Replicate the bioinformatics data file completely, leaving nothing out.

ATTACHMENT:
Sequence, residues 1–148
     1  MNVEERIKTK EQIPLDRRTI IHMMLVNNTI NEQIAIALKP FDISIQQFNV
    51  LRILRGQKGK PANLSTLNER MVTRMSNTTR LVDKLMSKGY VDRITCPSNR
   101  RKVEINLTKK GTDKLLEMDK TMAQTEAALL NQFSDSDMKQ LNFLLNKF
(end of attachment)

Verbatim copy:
Sequence, residues 1–148
     1  MNVEERIKTK EQIPLDRRTI IHMMLVNNTI NEQIAIALKP FDISIQQFNV
    51  LRILRGQKGK PANLSTLNER MVTRMSNTTR LVDKLMSKGY VDRITCPSNR
   101  RKVEINLTKK GTDKLLEMDK TMAQTEAALL NQFSDSDMKQ LNFLLNKF